Noticing the diversity of ratings here (a couple of 5s, 3s and2s) caused me to remember why I didn't particularly like thisbook myself. Many, many years ago I had listened avidly to thiswhen it was serialized on the radio - over 30 years later I couldvaguely remember it being about the war and a young conscientiousobjector, Lucinda's only son Stephen but of course it was aboutmuch more, being a sweeping epic of the shaky relationship betweenAustralia and England between the wars.The book was mainly about Lucinda and she was a less than thrillingheroine, brought up to believe that what society thought of youwas the most important thing - she was really quite a shallow,selfish woman to be centre stage in this epic novel. Lucinda isthe daughter of the Vanes, a self made family who have made theirwealth "off the sheep's back" and buy a Toorak mansion so themother (a rabid society climber) can live the life she feels isher and her children's due. Lucinda is propelled into marriagewith Captain Hugo Brayford, presumably the "catch of the season"but the marriage is doomed from the start. Brayford has marriedLucinda for her wealth and doesn't intend to give up his mistress.To me, this book is pure soap opera, with a few well chosen comments on the back cover calling Martin Boyd "an AustralianGalsworthy" and comparing the book to "Of Human Bondage" to makethe reader believe they are in for a high class treat.With Hugo not stopping his pleasure, Lucinda also takes a lover- phlegmatic Pat, but because she is too happy with the aristocracy and good life she has married into she allows thingsto drift along until Pat finally marries someone else - youngerand available. Then there is the scandal involving lovely Ann whowould be perfect for Bill, but of course cannot marry him because .....One of the more interesting characters, Tony, is initially thoughtof as a suitable husband for Lucinda but she and her family havebigger fish to fry and he just sort of peters out of the story.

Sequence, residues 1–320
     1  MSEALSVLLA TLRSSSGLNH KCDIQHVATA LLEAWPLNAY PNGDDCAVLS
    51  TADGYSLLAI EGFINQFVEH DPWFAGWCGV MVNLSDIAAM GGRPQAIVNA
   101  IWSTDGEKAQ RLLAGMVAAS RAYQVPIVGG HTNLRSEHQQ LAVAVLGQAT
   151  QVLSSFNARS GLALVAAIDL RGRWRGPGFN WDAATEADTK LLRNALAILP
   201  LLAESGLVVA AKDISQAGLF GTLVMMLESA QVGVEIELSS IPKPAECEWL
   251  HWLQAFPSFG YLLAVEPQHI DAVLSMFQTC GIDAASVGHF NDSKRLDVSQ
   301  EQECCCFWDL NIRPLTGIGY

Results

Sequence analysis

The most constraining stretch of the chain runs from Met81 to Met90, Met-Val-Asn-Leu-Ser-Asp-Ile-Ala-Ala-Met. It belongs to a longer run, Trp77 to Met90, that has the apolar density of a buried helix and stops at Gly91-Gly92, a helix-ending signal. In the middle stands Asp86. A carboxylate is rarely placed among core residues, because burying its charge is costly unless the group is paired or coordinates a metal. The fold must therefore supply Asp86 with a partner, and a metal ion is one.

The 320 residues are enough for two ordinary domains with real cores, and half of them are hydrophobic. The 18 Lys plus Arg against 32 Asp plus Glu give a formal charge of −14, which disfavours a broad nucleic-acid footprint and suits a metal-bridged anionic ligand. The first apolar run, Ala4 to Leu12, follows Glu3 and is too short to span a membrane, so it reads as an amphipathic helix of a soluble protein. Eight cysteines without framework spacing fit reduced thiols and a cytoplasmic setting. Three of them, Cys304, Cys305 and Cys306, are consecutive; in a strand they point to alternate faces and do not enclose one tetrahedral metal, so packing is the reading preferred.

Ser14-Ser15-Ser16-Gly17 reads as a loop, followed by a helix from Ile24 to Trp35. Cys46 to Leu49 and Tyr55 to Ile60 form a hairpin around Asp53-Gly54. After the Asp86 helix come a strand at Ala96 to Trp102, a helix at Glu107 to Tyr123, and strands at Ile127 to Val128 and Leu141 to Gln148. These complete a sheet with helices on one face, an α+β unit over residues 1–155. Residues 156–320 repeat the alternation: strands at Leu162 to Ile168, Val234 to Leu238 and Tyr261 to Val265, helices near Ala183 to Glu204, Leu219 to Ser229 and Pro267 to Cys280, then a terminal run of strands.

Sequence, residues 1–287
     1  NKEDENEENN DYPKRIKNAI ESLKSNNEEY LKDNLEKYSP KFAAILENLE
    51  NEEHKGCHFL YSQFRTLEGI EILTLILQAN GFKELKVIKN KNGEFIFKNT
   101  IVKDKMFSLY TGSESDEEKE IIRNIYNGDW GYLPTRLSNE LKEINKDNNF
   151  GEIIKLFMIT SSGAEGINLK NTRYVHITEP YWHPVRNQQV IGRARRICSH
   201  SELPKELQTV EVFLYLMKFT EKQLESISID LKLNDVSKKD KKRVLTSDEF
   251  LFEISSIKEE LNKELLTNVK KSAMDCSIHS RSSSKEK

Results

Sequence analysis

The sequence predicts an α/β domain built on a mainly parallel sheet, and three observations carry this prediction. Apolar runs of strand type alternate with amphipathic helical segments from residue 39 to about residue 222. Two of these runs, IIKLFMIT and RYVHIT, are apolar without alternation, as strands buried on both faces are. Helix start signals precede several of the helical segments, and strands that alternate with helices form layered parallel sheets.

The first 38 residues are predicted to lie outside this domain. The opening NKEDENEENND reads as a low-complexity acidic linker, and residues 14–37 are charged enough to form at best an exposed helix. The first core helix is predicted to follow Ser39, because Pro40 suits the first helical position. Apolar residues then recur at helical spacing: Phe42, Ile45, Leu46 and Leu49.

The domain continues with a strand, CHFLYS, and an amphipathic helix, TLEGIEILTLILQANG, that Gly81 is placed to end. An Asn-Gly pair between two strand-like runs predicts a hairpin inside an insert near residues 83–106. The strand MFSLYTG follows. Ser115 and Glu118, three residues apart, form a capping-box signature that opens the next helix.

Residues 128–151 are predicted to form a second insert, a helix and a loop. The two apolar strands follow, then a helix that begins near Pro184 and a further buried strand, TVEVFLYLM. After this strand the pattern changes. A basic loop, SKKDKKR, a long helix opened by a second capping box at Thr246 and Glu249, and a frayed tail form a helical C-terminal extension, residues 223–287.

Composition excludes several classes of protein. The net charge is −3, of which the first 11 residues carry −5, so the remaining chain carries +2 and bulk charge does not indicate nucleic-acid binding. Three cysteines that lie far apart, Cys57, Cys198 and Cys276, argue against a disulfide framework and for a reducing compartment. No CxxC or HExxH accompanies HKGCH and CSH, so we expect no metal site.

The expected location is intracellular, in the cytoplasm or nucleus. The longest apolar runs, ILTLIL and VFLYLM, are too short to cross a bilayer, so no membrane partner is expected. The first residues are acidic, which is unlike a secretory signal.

A completely charming novel of three generations of Australians, the Vanes and the Brayfords, who struggle to find their place in Australian 'society' around the turn of the century (pre WWI), then again in pre- and post war England (WWII). If you are a fan of the Brontes, Henry James, Edith Wharton, or any late 19th-early 20th C literature dealing with class, relationships, manners or society, you will enjoy this novel. There is a social-climbing mother who is really quite funny in her airs and pretenses. The humor is subtle and very dry.The poor reviews seem to compare it to either a radio or tv mini-series, but I believe the writing holds up very well and stands on its own. If you are interested in early Australian literature, and observations of cultural differences between Australia and England, you will get a lot out of this book.
Lucinda Brayford by Martin Boyd (1948)